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MUSIC / Overflowing with Eastern promise: Was Nusrat Fateh Ali Khan the best singer in the world ?

Geoff Dyer argues the case for Master Of Islamic Music
IN ISLAMIC countries, in the desert, it sometimes seems as if the call to prayer, although issuing from the minaret, is actually summoned into being by the vastness of the sky. As if the call is itself a response to the immensity of the surrounding silence . . .
Nusrat Fateh Ali Khan, 'Shahen-shah-e- qawali' - 'the brightest shining star of qawali' - sits cross-legged, barefoot on the concert stage. To his left are the other members of his 'party': eight-man chorus, tabla player, two men on hand-pumped harmonia and, furthest from him, the youngest member of the ensemble, his teenage pupil. Over the drone of the harmonia the chorus sets up a slow pattern of hand-claps. As simple as that. The clapping initiates a rhythm of expectation, a yearning that cries out for the Voice, which will become the medium of still greater yearning. As soon as we hear it - minutes into a performance which will last for hours and leave us dazed and ecstatic - we are held by its implacable power.
In our century there have been only one or two voices like this: voices that cry out beyond the cry, that rend the soul even as they soothe it. A voice like this - like the voice of Callas or of the great Egyptian singer Om Calsoum - longs to be answered by something as beautiful as itself. And so it soars. Higher and further, until it consumes and destroys itself. Or until it finds God. That is why, on Peter Gabriel's soundtrack to Scorsese's The Last Temptation of Christ, it is Nusrat's voice you hear in the climactic moments of the Passion.

Qawali - literally 'utterance' - is the devotional music of Sufism, the mystical sect of Islam founded in 10th-century Persia. An amalgam of classical and popular styles of music, qawali, in something like its present form, was established on the Indian subcontinent by the end of the 13th century.
Nusrat himself comes from a line of qawals stretching back over 600 years. He was born in Lyallpur - now Faisalabad - in Pakistan in 1948, and received informal lessons from his father, Ustad Fateh Ali Khan, a qawali master. When his father died in 1964 Nusrat began training with his father's brothers. With the death of his uncle, Mubarik Ali Khan, in 1971, he became the greatest living qawal. Since then, and especially in the past eight or nine years, he has built up a worldwide audience.
Much of the credit for the popularity of Nusrat, and of fellow qawals the Sabri Brothers, must go to the Womad festival and Peter Gabriel's Real World record label. On cassette, Nusrat's greatest hits run to over 20 volumes and there are fine concert recordings from Paris (on Ocora) and London (on Navras), but the best-produced albums - such as Shahen-shah (1989) and Shahbaaz (1991) - are all on Real World. There are dozens of remixes and samples of Nusrat floating around the Asian dance circuit but, again, the most sensitive of these are found on Real World's Mustt Mustt (1990), which crosses Nusrat's voice with a range of electronic backing tracks, including a dub-heavy Massive Attack remix of the title piece. The Last Prophet, his latest release, returns to traditional form.
By the robust standards of qawali, The Last Prophet is a gentle album, consolidating the repertoire of dedications to prophets and saints, and only gradually reaching the sustained ecstatic heights of 'Jewleh Lal', a 25- minute chant on Shahbaaz. The poems of Jewleh Lal, a 13th-century Turkish mystic known more simply as Rumi, offer prophetic description of the great qawal: 'This voice seizing me is your voice / Burning to speak to us of us.' Intended to induce a trance-like state of religious delirium, 'These cries / Sounds of extreme love' have an overwhelming, transcendental effect on even the most secular ears.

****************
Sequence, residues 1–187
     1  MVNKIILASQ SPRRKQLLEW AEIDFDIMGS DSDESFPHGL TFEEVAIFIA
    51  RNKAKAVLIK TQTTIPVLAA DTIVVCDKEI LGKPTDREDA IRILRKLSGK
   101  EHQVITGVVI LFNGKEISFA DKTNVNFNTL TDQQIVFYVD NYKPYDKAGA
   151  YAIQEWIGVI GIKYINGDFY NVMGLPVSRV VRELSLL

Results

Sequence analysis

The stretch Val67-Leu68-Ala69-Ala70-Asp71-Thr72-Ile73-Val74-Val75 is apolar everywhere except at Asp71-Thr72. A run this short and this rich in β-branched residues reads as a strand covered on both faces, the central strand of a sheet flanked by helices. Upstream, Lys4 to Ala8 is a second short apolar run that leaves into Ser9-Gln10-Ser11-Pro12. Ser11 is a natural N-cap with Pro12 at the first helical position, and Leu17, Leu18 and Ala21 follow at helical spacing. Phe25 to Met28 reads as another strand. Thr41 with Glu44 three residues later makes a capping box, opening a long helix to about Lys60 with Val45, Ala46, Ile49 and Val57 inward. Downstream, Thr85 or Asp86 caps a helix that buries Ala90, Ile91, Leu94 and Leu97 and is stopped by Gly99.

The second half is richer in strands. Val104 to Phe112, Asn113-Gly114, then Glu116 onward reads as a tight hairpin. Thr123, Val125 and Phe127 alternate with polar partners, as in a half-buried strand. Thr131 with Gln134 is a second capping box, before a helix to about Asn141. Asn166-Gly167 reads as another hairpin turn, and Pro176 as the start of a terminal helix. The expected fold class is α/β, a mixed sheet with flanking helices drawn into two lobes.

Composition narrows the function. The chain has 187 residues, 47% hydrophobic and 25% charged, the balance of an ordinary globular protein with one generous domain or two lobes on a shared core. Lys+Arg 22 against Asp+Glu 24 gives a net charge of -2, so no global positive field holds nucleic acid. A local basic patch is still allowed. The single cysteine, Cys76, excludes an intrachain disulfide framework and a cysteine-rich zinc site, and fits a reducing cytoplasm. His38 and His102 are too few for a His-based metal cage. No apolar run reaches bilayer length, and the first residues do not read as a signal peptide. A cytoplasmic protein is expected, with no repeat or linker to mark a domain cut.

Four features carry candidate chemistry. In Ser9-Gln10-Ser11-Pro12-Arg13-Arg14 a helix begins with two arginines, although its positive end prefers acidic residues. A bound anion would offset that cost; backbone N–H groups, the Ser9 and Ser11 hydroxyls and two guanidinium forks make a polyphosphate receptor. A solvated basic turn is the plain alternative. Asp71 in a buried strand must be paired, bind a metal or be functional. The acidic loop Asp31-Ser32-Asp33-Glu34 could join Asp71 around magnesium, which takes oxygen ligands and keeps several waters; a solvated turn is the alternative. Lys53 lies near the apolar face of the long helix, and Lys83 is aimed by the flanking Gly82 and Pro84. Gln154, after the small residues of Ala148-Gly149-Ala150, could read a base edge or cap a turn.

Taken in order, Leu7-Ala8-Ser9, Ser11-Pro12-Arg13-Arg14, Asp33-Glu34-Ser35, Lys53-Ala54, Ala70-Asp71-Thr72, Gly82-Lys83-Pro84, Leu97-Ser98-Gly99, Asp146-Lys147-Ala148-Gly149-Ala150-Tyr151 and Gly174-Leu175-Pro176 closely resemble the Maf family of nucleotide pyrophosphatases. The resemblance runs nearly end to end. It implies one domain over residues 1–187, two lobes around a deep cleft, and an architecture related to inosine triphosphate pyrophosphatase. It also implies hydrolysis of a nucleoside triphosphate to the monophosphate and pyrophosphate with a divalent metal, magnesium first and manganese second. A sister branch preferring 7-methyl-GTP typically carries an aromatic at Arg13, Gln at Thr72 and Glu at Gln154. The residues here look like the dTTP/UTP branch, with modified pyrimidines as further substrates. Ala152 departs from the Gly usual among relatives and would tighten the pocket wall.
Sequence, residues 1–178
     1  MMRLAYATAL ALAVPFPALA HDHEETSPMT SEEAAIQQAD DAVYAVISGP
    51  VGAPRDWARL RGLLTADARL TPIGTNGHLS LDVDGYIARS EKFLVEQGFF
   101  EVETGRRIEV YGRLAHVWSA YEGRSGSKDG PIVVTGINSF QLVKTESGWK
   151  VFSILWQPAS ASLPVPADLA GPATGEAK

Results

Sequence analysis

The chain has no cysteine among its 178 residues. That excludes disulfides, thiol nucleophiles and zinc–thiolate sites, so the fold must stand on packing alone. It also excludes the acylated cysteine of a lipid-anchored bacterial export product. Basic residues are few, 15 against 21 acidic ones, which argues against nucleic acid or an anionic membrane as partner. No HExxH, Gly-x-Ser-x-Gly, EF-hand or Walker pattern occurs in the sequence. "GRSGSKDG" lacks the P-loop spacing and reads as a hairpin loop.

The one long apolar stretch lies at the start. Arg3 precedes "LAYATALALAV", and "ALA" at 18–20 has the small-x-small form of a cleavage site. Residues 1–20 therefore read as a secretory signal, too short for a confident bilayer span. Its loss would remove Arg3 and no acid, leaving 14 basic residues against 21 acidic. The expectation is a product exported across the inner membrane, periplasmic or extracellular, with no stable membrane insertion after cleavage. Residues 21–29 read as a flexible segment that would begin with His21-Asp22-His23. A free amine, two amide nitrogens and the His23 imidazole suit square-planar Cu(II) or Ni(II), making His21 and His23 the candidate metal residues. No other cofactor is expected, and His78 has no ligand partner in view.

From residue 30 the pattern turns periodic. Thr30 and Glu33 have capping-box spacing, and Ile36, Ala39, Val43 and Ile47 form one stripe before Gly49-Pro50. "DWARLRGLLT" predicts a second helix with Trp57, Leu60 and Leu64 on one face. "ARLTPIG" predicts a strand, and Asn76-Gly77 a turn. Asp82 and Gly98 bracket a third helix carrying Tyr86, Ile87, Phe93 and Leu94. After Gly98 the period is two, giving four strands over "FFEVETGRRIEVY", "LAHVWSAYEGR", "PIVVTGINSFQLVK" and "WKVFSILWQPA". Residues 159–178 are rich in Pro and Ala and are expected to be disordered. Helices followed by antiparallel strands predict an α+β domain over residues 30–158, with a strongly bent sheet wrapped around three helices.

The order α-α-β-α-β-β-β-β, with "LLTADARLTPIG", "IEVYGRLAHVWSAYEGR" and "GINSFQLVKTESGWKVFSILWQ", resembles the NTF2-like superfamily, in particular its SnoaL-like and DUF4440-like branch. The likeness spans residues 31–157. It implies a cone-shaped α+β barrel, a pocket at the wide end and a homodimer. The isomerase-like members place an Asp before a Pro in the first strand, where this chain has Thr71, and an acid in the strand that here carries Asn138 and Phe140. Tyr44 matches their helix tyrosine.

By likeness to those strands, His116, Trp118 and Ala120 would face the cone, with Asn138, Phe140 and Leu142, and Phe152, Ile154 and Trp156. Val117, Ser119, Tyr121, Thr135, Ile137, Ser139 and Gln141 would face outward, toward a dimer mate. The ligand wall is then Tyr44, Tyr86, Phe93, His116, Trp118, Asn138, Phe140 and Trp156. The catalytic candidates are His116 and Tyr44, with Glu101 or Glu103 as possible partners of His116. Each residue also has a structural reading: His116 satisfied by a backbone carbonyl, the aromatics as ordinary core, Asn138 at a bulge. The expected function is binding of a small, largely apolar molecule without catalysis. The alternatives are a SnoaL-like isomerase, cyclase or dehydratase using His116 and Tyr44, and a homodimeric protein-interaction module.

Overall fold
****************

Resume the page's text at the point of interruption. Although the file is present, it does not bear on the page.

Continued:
Rumi's poems combine secular and sacred love, and as qawali has developed so the devotional and secular strains have become deeply entwined. So much so that it is difficult not to hear the high, ringing voice of Nusrat's male pupil as the embodiment of the feminine beloved. But there is an element of playfulness in all of this as well, with the master (whose father, remember, died when he was just 16) calling across the chorus, treating his pupil with magisterial indulgence: 'So puppy, you think you can bark?' Nietzsche warned that he is a very poor pupil who remains only a pupil; and these dialogues point to the time when, one day, a pupil will begin to match his master, perhaps even to fly beyond his reach. How long can Nusrat's voice last? How long will he continue to soar?

Now, as the chant settles deeper into the body, members of the audience are whirling, throwing money on to the stage. Nusrat's hands, which initially had been simply rising and falling, emphasising the rhythm, are now tracing patterns in the air. Pitting himself against the massed power of the chorus, he flings back elaborations of the main phrases, leading the chorus in surging, hypnotic repetitions.
Nusrat is no longer projecting his voice; he has become the physical incarnation of the Voice. Much Western religious music seems clammy with death; driven by the gallop of hand-claps and the dust-swirl of tabla, qawali exalts in itself: incandescent, burning . . . 'I am not a voice, I am the Fire singing / What you hear is crackling in you.' (Rumi)
'The Last Prophet' is on Real World (CD / tape). The Sabri Brothers appear at the Hexagon, Reading, 0734 591591, on 16 May.

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